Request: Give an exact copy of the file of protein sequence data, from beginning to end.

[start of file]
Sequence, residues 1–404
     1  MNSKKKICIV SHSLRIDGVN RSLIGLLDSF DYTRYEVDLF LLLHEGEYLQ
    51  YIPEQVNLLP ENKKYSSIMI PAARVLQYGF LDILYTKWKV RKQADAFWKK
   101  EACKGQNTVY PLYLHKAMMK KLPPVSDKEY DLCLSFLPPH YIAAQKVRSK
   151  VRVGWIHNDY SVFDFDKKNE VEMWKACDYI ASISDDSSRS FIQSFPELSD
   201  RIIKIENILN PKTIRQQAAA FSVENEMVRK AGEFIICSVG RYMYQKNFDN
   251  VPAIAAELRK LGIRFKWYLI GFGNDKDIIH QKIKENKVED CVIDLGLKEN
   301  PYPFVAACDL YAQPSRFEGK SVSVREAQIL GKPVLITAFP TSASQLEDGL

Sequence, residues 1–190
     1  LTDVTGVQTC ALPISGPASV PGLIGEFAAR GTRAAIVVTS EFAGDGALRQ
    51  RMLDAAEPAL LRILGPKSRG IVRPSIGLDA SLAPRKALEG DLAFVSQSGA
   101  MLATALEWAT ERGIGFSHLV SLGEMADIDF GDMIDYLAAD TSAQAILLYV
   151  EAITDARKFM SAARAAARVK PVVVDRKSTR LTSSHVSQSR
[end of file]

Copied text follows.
Sequence, residues 1–404
     1  MNSKKKICIV SHSLRIDGVN RSLIGLLDSF DYTRYEVDLF LLLHEGEYLQ
    51  YIPEQVNLLP ENKKYSSIMI PAARVLQYGF LDILYTKWKV RKQADAFWKK
   101  EACKGQNTVY PLYLHKAMMK KLPPVSDKEY DLCLSFLPPH YIAAQKVRSK
   151  VRVGWIHNDY SVFDFDKKNE VEMWKACDYI ASISDDSSRS FIQSFPELSD
   201  RIIKIENILN PKTIRQQAAA FSVENEMVRK AGEFIICSVG RYMYQKNFDN
   251  VPAIAAELRK LGIRFKWYLI GFGNDKDIIH QKIKENKVED CVIDLGLKEN
   301  PYPFVAACDL YAQPSRFEGK SVSVREAQIL GKPVLITAFP TSASQLEDGL

Sequence, residues 1–190
     1  LTDVTGVQTC ALPISGPASV PGLIGEFAAR GTRAAIVVTS EFAGDGALRQ
    51  RMLDAAEPAL LRILGPKSRG IVRPSIGLDA SLAPRKALEG DLAFVSQSGA
   101  MLATALEWAT ERGIGFSHLV SLGEMADIDF GDMIDYLAAD TSAQAILLYV
   151  EAITDARKFM SAARAAARVK PVVVDRKSTR LTSSHVSQSR